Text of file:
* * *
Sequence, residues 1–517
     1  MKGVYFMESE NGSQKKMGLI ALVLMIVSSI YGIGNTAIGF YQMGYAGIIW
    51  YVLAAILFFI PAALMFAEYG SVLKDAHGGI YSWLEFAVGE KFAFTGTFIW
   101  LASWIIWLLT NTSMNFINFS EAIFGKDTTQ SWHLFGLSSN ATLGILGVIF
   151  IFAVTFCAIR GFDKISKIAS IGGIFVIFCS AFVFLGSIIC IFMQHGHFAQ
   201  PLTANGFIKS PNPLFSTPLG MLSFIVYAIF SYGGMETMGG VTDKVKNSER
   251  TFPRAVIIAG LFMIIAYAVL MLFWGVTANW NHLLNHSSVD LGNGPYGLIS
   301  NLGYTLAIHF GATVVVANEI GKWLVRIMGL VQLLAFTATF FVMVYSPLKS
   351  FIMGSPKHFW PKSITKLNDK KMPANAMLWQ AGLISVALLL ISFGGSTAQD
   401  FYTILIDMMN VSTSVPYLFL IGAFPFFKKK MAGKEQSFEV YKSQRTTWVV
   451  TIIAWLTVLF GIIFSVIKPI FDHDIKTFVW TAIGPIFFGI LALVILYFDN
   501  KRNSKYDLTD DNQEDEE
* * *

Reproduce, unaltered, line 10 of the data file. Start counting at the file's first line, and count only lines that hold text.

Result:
   401  FYTILIDMMN VSTSVPYLFL IGAFPFFKKK MAGKEQSFEV YKSQRTTWVV